There are any number of things that can impact the effectiveness of a swing through the action of the takeaway, but rather than listing them and letting you spot your issue, let’s skip ahead to the cheerful part where you can pick up some pointers on how to improve.
1. When you start your takeaway, (assuming right-handedness), let your left shoulder turn naturally so it’s under your chin. Keep your hands neutral and keep your left arm straight till the club reaches the height of your hip.
2. When the club is horizontal, the butt end should be pointed at your target. The clubhead should obscure your hands.
3. Look down the line, If the sole of the club is running parallel to the angle of your spine, congratulations – you’ve got a good takeaway, and you should be able to translate that into a strong, straight, fluid, powerful swing.
The great thing about correcting your takeaway is that you can do it more or less anywhere you can swing a club – you don’t need to wait until you’re on the course to get it right.
That’s just as well, because what you’re aiming for is the development of muscle memory. That doesn’t come overnight or anything like it. You need lots of repetitions, over fairly intense periods, before the best takeaway just ‘happens.’
Try a week of intensive takeaway practice, off the course, following the steps here, and you should at least be close to getting it to feel like the natural thing to do when it comes to the takeaway portion of your swing.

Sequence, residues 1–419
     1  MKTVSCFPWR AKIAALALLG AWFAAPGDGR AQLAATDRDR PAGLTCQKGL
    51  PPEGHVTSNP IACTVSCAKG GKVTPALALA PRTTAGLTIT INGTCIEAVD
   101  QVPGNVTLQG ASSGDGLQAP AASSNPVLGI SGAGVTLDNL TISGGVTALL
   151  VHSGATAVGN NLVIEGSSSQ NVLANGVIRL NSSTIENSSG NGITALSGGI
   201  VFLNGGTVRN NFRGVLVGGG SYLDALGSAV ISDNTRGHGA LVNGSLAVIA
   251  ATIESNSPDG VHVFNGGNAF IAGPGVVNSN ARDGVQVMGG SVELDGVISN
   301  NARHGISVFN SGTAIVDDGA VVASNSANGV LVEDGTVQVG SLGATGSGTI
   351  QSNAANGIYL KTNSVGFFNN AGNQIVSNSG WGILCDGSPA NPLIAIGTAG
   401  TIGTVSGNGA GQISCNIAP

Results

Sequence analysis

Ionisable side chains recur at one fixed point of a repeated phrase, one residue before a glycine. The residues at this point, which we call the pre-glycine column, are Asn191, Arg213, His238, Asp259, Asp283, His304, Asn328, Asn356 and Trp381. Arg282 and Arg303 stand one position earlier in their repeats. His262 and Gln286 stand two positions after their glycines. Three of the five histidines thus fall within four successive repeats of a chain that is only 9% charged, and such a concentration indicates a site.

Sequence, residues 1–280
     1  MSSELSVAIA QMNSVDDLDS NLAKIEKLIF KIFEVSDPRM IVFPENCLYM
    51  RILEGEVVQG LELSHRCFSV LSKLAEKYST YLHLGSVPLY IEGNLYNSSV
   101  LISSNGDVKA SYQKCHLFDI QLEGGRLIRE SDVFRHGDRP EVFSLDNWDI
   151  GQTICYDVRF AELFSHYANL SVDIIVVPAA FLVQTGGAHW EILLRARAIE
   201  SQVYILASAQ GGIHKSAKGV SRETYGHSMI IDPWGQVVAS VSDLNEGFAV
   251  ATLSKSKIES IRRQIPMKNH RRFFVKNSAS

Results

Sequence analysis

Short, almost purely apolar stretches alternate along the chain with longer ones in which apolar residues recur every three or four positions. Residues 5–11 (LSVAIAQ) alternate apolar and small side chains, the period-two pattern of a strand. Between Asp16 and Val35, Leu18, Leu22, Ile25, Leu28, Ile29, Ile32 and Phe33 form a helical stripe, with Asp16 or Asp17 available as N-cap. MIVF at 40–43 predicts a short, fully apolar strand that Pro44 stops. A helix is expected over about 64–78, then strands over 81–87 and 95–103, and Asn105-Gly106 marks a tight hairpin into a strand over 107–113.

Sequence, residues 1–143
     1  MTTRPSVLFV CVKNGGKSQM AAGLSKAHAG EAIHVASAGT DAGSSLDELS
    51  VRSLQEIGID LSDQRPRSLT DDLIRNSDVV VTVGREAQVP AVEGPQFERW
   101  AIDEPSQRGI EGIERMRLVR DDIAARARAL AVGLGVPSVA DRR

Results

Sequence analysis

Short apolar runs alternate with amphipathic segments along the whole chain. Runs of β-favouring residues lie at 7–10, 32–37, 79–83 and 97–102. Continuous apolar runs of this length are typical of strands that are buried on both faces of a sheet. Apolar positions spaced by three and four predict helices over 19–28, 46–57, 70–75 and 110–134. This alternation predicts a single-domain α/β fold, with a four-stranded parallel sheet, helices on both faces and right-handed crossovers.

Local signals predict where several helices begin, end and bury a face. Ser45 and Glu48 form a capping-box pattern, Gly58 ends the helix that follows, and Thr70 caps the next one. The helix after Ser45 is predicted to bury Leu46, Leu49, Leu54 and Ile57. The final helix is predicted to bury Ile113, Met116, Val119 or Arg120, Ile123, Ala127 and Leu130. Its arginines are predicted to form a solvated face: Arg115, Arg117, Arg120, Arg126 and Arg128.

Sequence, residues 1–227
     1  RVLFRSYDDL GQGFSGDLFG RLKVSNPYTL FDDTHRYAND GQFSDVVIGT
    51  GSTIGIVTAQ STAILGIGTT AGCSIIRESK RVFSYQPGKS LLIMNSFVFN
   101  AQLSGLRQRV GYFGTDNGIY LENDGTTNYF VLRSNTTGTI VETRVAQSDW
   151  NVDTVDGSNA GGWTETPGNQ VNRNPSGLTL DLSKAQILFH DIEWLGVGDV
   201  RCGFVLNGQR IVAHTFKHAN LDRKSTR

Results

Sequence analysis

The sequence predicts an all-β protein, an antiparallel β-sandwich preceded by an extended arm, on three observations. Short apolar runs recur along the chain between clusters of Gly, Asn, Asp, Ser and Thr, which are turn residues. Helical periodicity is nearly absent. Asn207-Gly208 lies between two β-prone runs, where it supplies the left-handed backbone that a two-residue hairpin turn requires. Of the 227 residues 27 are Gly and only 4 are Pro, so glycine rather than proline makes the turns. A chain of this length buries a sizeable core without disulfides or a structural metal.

If you’re a golfer whose swing goes comparatively to pieces during the backswing phase – take comfort from the fact that you’re by no means alone.
You’re equally by no means egregiously wrong. Much of the backswing is a fight between what’s actually the right course of action, and what feels like it should be the right course of action.
The backswing is a rapid part of the overall swing, and the amount of conscious thought that goes into it is likely to be minimal.
Unless you’re one of those golfers who’s able to think while your arm is rapidly moving, in which case the amount of conscious thought that goes into it is likely to be maximal, overwhelming, and extremely unhelpful.
Rock, meet hard place.
We’re going to slow the motion down for you so you can think about it before you get to the moment of truth, and even practice it before you get there. Again, the name of our game is the development of muscle memory off the course.
That should mean that when you get on the course, your brain can shut the heck up and let your body do the things you’ve taught it to do.
OK – a couple of golden rules, or at least golden guiding principles.
1. Throughout the whole of the backswing, your left arm should be straight. Do not let your left elbow bend. Yes, absolutely, we know it wants to.
It wants to bend, so you can bring the club even further back, to squeeze extra clubhead speed into your downswing. Yes, it absolutely feels like it should work. No, it absolutely won’t.
As we said, the backswing is a battle between what your natural instincts tell you and what your learned instincts should know.
2. Don’t lift your left heel as you bring the club up on its backswing. You’re not about to either do a pirouette or take off, superhero style.
Again, we know the urge is great to lift that heel. Something deep in the brain connects lifting the heel with being able to force more clubhead speed into the downswing. No, that doesn’t work either. Cut it out. Watch for it, feel for it, understand it – and then cut it out.